David Lindsay (novelist)

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David Lindsay
Born 3 March 1876
Lewisham, England
Died 16 July 1945(1945-07-16) (aged 69)
Hove, England
Occupation Insurance Clerk, Writer

David Lindsay (3 March 1876 – 16 July 1945)[1] was a Scottish author now best remembered for the philosophical science fiction novel A Voyage to Arcturus (1920).

Biography[edit]

Lindsay was born into a middle-class Scottish Calvinist family who had moved to London, although growing up he spent much time in Jedburgh, whence his family originally came. He was educated at Colfe's School, Lewisham,[2] and although he won a scholarship to university, he was forced by poverty to go into business, and becoming an insurance clerk at Lloyd's of London.[3] He was very successful, but his career was interrupted by service in the First World War, at the age of forty. He first joined the Grenadier Guards, then the Royal Army Pay Corps, where he was promoted to Corporal.

After the war he moved to Cornwall with his young wife to become a full-time writer. A Voyage to Arcturus was published in 1920, but it was not a success, selling fewer than six hundred copies. This work was not obviously influenced by anybody, but further reading shows links with other Scottish fantasists (for example, George MacDonald, whose work Lindsay was familiar with), [3] and it was in its turn a central influence on C. S. Lewis's Out of the Silent Planet.[4] Also, J. R. R. Tolkien said he read the book "with avidity", and praised it as a work of philosophy, religion, and morality.[5]

Lindsay attempted to write a more 'commercial' novel with his next work The Haunted Woman (1922), but this was barely more successful than the Voyage.[3] He continued to write novels, including the humorous potboiler The Adventures of Monsieur de Mailly, but after Devil's Tor in 1932 he found it increasingly difficult to get his work issued, and spent much of his time on his last work The Witch which was not published in his lifetime.

He and his wife opened a boarding house in Brighton, but they did not prosper and their marriage underwent considerable strain. The house was damaged by the first bomb to fall on Brighton in the Second World War and Lindsay, who was in his bath at the time, never recovered from the shock. His death from an infection resulting from an abscess in his tooth was unrelated to the bomb.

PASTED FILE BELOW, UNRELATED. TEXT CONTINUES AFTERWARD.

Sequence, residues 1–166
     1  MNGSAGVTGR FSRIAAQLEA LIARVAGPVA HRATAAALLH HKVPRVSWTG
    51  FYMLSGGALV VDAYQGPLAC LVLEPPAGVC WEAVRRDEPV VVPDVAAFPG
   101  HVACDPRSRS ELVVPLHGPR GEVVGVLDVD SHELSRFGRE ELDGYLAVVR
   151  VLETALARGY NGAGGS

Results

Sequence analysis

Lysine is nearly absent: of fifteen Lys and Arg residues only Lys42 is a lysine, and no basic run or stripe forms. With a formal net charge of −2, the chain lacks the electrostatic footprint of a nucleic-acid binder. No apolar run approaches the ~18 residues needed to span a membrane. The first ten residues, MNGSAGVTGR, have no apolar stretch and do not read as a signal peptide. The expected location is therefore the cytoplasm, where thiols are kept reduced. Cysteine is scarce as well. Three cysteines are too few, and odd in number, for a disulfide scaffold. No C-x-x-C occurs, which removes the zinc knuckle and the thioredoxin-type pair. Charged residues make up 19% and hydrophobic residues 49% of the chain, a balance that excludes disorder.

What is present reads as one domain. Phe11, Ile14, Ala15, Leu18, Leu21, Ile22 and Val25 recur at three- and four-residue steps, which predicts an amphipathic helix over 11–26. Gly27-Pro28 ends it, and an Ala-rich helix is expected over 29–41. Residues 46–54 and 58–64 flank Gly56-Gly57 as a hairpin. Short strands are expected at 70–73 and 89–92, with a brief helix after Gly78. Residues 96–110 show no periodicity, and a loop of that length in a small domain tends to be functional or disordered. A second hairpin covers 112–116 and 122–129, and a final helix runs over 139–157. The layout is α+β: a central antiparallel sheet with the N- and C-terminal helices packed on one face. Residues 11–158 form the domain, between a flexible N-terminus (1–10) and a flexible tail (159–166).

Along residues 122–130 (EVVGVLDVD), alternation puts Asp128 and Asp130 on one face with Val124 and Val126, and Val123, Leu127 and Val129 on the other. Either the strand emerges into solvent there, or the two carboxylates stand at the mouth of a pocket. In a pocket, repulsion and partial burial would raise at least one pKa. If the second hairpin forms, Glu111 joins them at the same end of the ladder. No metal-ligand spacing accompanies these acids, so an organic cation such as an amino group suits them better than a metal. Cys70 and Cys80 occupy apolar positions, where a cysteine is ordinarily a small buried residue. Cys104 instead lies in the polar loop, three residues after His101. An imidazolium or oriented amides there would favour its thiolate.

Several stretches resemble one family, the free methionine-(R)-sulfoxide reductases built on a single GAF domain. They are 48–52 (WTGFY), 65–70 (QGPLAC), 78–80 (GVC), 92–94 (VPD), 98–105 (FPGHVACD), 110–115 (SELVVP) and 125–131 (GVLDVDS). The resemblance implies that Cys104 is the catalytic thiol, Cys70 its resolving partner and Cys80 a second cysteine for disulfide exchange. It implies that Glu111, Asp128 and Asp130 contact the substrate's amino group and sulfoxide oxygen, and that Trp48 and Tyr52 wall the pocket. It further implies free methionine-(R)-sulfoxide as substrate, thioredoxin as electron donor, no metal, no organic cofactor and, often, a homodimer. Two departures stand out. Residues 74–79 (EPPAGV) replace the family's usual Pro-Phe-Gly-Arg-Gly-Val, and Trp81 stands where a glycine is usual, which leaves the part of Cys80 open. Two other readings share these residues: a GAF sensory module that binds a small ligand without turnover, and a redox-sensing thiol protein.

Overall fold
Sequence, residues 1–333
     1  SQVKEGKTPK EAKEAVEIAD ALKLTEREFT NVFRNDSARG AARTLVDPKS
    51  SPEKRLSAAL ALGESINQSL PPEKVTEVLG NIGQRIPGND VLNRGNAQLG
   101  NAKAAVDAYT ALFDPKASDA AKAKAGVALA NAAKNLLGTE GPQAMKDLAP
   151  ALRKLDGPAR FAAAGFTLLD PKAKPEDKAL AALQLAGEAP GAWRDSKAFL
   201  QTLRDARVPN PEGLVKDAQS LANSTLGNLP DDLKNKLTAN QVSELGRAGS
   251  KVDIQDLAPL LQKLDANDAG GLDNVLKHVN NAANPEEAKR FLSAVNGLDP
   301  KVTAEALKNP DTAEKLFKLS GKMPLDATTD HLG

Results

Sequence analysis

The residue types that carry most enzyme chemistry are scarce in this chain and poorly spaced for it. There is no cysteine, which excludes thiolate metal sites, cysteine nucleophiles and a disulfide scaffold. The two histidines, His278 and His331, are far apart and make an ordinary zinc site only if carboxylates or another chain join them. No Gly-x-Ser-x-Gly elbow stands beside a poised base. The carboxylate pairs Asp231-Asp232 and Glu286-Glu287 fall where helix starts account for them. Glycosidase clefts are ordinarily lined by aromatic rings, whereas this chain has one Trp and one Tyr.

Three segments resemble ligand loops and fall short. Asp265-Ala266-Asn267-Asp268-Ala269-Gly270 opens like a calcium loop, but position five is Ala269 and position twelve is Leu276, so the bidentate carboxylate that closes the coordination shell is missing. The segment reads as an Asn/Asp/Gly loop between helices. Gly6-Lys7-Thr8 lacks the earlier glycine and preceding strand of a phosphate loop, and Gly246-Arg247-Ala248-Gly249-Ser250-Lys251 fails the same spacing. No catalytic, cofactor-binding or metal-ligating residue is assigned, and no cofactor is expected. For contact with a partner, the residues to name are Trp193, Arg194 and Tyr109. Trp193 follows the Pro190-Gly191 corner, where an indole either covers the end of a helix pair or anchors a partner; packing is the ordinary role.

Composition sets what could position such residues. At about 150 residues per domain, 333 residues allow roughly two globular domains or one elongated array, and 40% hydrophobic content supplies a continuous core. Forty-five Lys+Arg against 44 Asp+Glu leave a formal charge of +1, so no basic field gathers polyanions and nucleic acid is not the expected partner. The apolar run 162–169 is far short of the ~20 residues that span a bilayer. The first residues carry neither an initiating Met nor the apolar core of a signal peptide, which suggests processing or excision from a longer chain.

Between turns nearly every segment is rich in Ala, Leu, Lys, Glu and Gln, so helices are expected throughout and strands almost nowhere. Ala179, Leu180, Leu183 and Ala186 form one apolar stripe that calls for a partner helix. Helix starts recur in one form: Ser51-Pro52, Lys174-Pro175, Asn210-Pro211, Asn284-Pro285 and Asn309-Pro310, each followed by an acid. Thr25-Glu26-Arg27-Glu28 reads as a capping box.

Work[edit]

A Voyage to Arcturus has been described as the major "underground" novel of the 20th century. The secret of Lindsay's apparent originality as a novelist lies in his metaphysical assumptions.[6] Like the gnostics he seems to have viewed the "real" world as an illusion, which must be rejected in order to perceive genuine "truth". In The Haunted Woman, the two main characters discover a room which seems to exist only some of the time; while they are there together, they can see more clearly and express themselves honestly. In The Violet Apple, the fruit of the title is of the species eaten by Adam and Eve, and Lindsay's description of its effects is a startling, lyrical episode in a novel which is otherwise concerned with rather ordinary matters.

Lindsay's austere vision of "true reality" seems to have been influenced by Norse mythology. After being out of print for many decades, Lindsay's work has become increasingly available, and he is now seen as being perhaps the major Scottish fantasist of the 20th century, the missing link between George MacDonald and more modern writers such as Alasdair Gray who have also used surrealism and magic realism in their work. In 1971, Arcturus was produced as a 35mm feature film by William J. Holloway. It was the first film to be funded by a National Endowment for the Arts grant and has recently been re-released. Harold Bloom has also taken an interest in Lindsay's life and career, going so far as to publish a novel, The Flight to Lucifer, which he thought of as a Bloomian misprision, an homage and deep revision of A Voyage to Arcturus. Bloom, however, has conceded that his late-comer imitation is overwhelmed by Lindsay's great original.

Bibliography[edit]

  • A Voyage to Arcturus (1920)
  • The Haunted Woman (1922)
  • Sphinx (1923)
  • Adventures of Monsieur de Mailly (1926) [UK]; A Blade for Sale (1927) [US][7]
  • Devil's Tor (1932)
  • The Violet Apple and The Witch (1976)
  • A Christmas Play (2003)

Notes and references[edit]

  1. ^ David Lindsay's birthdate & place – The Life and Works of David Lindsay – the Violet Apple.org.uk
  2. ^ Old Colfeians, Colfe's School website
  3. ^ a b c "David Lindsay" by Gary K. Wolfe, in E. F. Bleiler, ed. Supernatural Fiction Writers:Fantasy and Horror. New York: Scribner's, 1985. pp.541–548.
  4. ^ Kathryn Lindskoog – A Voyage to Arcturus, C. S. Lewis, and The Dark Tower
  5. ^ The Top Ten Books That Influenced J.R.R. Tolkien
  6. ^ Darrell Schweitzer, "A Voyage to Arcturus by David Lindsay" in Gary Westfahl, ed. The Greenwood Encyclopedia of Science Fiction and Fantasy: Themes, Works, and Wonders. Westport, CT: Greenwood Press, 2005. (p. 1329-1331).
  7. ^ The Adventures of Monsieur de Mailly/A Blade for Sale
  • The Strange Genius of David Lindsay: An Appreciation (1970) by J. B. Pick, E. H. Visiak and Colin Wilson
  • The Life and Works of David Lindsay (1983) by Bernard Sellin
  • David Lindsay's Vision by David Power (2005)
  • David Lindsay by Gary K. Wolfe (Wildside Press LLC, 1982) ISBN 0-916732-26-6
  • Galad Elflandsson "David Lindsay and the Quest for Muspel-Fire" in Darrell Schweitzer (ed) Discovering Classic Fantasy Fiction, Gillette NJ: Wildside Press, 1986, pp. 104–112.

External links[edit]